A Journey Through Madison's Classical Music Scene
Sep 28, 2013
09:47 AM
Classically Speaking

Demonstrating What All the Fuss Is About

Demonstrating What All the Fuss Is About

PHOTO BY GREG ANDERSON

John DeMain and the Madison Symphony

In recent days there has been much well-deserved celebration of the fact that John DeMain was about to launch his 20th seasons as music director of the Madison Symphony and Madison Opera. All we needed now was the music.

Friday night in Overture Hall, in a program designed to show off the ensemble he has skillfully and lovingly built, DeMain and the orchestra delivered on every level.

A packed hall greeted the maestro with an ovation more typical of the end of a concert, and just as one anticipated some pre-downbeat “bravos,” DeMain ignited his traditional first-night “Star-Spangled Banner.”

Usually of course, orchestras sell a great number of tickets by adding an international soloist and a crowd-pleasing concerto, but there was no shortage of fireworks or satisfaction in a slate of Copland, Wagner and Rimsky-Korsakov. We didn’t have to wait long to hear from one of the orchestra’s newest members, principal clarinetist Joseph Morris. His glowing tone floated above ethereal strings in Copland’s suite from the ballet Appalachian Spring.

DeMain contends that the string section is now the strength of the orchestra—when he came to Madison, the section was not full-sized and according to contemporary accounts, limited the repertoire choices. Now they are indeed the engine that drives this luxury vehicle. This is not the result of superior first-chair players such as concertmaster Naha Greenholtz and cellist Karl Lavine, but DeMain’s patient building of the sections. At times the cello section seemed to hum, their collective tone bereft of any hint of horsehair scraping strings.

If you do not have strings which can blend and soar, the result will be more “death” than “love” in the “Prelude and Liebestod” from Wagner’s music drama Tristan and Isolde. But DeMain swooshed and soared with his strings driving a work that demands a collective virtuosity, and on this reading alone one would judge that conductor and players have once and for all arrived at that promised land where they can tackle any repertoire they choose.

But if you’re going to let your orchestra take the spotlight usually reserved for a concerto soloist, you can hardly do better than to program Rimsky-Korsakov’s Scheherazade. The MSO has not played it since 1988—just a few years before DeMain’s tenure—and it is safe to say it was nothing like what was heard Friday night.

The stentorian motif of the Sultan roared forth, anchored by another new player, tubist Joshua Biere (he only had to best over thirty other applicants for the job, in case you hadn’t heard). Of course, the work is almost a mini-concerto for the concertmaster, and Naha Greenholtz spun effortless roulades, coy and aggressive by turns, in the sultry music of the title character.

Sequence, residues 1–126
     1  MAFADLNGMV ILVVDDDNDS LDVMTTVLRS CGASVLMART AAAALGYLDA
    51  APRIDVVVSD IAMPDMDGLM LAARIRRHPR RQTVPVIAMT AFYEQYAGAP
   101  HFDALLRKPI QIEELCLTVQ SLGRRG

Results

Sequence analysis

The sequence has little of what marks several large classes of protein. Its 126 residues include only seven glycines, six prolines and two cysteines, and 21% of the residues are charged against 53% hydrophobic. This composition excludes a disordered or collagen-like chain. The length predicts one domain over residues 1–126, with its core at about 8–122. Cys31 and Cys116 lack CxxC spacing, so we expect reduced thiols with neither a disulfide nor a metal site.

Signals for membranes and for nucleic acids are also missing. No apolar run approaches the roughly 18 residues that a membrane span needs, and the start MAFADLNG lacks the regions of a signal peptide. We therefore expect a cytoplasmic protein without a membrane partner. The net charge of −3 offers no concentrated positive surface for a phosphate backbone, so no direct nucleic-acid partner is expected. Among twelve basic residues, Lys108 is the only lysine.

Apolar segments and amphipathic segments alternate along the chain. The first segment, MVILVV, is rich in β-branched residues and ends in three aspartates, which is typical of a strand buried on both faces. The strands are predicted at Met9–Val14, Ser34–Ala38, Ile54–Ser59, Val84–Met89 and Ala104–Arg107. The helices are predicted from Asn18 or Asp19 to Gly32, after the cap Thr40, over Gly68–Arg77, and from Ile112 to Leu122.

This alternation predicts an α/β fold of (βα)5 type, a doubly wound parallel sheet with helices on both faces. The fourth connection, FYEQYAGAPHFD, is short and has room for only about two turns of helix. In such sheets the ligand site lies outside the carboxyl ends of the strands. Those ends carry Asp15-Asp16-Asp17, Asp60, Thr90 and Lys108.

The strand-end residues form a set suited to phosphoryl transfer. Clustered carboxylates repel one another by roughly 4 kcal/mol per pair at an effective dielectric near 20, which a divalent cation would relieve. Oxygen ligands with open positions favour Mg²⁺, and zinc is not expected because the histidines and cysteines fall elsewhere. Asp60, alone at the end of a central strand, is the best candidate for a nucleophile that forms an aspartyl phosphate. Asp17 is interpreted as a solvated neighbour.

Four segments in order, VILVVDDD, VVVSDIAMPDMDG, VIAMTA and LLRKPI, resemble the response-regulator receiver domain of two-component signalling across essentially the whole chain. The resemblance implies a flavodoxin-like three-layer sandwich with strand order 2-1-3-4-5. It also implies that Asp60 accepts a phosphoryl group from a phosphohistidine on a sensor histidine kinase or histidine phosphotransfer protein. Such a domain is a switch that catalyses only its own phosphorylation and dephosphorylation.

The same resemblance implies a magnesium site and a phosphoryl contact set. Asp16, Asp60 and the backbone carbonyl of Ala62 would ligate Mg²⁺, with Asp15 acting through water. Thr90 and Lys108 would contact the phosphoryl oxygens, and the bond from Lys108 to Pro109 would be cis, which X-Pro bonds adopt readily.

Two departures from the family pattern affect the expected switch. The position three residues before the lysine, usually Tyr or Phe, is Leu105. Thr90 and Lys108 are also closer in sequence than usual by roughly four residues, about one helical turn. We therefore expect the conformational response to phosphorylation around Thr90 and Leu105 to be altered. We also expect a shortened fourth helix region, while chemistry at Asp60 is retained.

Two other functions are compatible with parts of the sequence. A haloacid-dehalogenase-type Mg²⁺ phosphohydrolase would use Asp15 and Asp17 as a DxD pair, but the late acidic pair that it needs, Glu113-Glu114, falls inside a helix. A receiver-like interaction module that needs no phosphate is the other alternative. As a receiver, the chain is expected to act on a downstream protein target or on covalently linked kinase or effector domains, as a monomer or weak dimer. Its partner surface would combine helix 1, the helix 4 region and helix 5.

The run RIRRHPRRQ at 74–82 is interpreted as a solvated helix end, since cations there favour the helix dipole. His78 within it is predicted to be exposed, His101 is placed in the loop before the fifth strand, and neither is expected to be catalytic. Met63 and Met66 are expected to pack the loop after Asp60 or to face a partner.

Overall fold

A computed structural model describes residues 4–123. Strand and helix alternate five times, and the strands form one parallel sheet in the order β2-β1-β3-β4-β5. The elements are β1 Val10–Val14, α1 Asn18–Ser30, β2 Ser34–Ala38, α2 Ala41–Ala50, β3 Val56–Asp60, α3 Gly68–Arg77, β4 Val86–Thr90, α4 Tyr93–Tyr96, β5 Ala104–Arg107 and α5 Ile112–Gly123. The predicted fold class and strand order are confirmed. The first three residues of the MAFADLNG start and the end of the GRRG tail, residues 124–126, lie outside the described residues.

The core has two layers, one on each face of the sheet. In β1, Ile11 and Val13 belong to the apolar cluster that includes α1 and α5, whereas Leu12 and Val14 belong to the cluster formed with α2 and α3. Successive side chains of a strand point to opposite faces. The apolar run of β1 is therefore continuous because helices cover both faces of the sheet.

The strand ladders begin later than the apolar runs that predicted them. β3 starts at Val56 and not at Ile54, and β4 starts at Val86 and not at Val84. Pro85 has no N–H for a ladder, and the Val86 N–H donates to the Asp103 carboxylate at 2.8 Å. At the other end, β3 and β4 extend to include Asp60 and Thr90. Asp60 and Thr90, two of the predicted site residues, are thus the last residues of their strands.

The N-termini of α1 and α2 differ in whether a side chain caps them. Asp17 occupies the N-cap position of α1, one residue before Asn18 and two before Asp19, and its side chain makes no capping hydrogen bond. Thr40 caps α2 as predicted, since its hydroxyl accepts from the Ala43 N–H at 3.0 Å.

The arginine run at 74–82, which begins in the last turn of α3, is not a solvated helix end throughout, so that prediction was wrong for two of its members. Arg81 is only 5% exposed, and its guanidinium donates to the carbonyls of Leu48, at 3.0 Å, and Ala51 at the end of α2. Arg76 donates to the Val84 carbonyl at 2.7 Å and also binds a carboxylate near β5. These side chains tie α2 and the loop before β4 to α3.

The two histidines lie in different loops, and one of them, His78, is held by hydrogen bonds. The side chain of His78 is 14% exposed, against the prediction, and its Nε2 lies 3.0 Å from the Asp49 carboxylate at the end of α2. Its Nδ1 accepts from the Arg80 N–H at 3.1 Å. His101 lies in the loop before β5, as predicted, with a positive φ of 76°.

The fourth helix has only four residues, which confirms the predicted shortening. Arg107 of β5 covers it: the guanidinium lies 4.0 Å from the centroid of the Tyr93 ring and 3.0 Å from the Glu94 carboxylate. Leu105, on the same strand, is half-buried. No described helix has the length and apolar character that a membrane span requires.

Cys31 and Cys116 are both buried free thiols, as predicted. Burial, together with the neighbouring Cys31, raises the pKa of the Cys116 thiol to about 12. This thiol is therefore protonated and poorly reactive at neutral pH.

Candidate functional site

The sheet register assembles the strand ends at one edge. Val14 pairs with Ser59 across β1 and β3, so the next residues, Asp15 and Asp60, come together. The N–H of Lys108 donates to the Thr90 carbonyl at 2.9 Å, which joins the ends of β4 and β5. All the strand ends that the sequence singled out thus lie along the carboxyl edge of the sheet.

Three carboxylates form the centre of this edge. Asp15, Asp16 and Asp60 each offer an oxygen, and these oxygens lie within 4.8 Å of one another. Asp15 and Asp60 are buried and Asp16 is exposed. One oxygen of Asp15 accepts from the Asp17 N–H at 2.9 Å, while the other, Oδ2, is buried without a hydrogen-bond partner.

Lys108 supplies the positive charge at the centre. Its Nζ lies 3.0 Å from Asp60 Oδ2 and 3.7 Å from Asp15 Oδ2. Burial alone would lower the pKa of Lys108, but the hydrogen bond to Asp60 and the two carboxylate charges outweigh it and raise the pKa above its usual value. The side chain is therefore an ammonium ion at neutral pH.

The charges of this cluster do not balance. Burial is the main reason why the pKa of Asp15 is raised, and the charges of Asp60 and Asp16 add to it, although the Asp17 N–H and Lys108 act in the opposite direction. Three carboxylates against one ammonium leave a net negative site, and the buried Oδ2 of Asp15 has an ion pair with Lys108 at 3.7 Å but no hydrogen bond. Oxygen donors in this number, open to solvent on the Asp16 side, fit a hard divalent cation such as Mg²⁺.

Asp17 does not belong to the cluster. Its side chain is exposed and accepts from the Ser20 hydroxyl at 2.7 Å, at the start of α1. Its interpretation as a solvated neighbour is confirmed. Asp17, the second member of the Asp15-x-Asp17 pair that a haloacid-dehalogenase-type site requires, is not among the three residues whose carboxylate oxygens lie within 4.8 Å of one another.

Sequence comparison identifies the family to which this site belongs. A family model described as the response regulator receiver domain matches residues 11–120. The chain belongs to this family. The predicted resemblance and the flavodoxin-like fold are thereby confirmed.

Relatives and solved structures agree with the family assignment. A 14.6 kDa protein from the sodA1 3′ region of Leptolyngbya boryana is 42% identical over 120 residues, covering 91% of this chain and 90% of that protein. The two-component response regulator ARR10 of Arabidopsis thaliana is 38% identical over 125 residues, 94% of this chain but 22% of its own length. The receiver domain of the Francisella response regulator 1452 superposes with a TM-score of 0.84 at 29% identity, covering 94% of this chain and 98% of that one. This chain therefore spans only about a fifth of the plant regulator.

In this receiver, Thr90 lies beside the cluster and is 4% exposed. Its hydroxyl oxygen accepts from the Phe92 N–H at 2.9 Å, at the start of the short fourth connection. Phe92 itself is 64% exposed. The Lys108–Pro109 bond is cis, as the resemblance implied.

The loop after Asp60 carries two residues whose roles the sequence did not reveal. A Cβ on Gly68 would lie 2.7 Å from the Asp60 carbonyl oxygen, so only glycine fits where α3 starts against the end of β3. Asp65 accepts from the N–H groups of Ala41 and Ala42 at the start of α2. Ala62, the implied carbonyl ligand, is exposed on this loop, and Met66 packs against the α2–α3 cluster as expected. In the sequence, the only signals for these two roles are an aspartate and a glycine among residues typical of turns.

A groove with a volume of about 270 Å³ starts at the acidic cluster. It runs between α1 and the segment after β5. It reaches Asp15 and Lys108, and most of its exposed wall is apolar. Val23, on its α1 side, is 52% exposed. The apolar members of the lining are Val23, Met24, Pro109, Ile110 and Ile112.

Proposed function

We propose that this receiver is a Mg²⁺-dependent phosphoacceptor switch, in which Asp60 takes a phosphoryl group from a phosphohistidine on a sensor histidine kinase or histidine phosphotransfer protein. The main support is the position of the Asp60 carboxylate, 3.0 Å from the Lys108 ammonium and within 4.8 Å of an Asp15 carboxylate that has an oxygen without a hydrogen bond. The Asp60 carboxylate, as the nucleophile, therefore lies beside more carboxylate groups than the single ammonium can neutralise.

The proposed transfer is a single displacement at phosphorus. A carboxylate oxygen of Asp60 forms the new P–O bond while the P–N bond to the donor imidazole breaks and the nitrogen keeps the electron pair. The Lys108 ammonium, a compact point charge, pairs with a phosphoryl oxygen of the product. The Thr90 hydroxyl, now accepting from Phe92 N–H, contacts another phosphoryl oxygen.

In the end, nearly every first chair player gets at least one major moment in the forefront, but what makes the work special are the unexpected combinations that emerge from the pen of the master Russian orchestrator. One that stood out was the sequence in the final movement where collective strings strummed pizzicati, the harp fired off brilliant arpeggios (Karen Beth Atz who finally had a work to really show her considerable skills), and first trumpet John Aley triple-tongued his way through a thicket of rat-a-tat-tat notes.

The ovation lasted more than long enough for DeMain to acknowledge every one of the singular contributions. It was easily the longest ovation I’ve witnessed over the last three-plus seasons of the MSO, and deserved as the accolades were for the individuals taking their bows, the feeling was inescapable that this was a celebration of the whole. DeMain programmed a night designed to display every integral quality of his ensemble, and the MSO attacked it like a football team favored to win by two touchdowns. The best thing is that orchestras don’t play against a composer (hopefully!), and long after the next Super Bowl has come and gone, DeMain and the MSO will be dazzling us in the final concerts of his 20th season at the helm.
 

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About This Blog

Years before I contributed my first classical review to the Los Angeles Times in 1988, I started a class in music appreciation for adults that had one aim: to put a few cracks in the “ivory tower elitism” I found pervasive in the classical music world since my boyhood days. Whether as a critic, program annotator or band director, that goal has never changed. After all, Mozart and Beethoven and the gang wrote their music for people like you—not critics or professors!

After growing up in the suburbs of New York City, and spending twenty years in and around Los Angeles, the last twelve years here leave me more amazed than ever at the musical riches of Madison. I’m a cheerleader at heart, because I always think more people would become classical fans if they’d give it a chance—but I’m also quick to tell you when you’re not getting your money’s worth. Classically Speaking brings you as much news and as many reviews as possible, and I hope you’ll join me for a fabulous musical journey.

–  Greg Hettmansberger
Follow Greg on Twitter @ghettmansberger

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